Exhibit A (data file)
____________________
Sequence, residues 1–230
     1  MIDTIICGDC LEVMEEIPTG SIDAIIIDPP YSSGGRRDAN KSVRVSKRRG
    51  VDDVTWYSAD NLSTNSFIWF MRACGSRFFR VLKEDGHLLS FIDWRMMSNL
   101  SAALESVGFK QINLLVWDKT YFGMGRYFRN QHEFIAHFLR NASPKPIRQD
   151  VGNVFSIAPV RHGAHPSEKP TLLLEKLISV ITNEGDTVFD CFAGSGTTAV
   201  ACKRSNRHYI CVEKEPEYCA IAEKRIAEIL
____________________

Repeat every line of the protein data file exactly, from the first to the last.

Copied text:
Sequence, residues 1–230
     1  MIDTIICGDC LEVMEEIPTG SIDAIIIDPP YSSGGRRDAN KSVRVSKRRG
    51  VDDVTWYSAD NLSTNSFIWF MRACGSRFFR VLKEDGHLLS FIDWRMMSNL
   101  SAALESVGFK QINLLVWDKT YFGMGRYFRN QHEFIAHFLR NASPKPIRQD
   151  VGNVFSIAPV RHGAHPSEKP TLLLEKLISV ITNEGDTVFD CFAGSGTTAV
   201  ACKRSNRHYI CVEKEPEYCA IAEKRIAEIL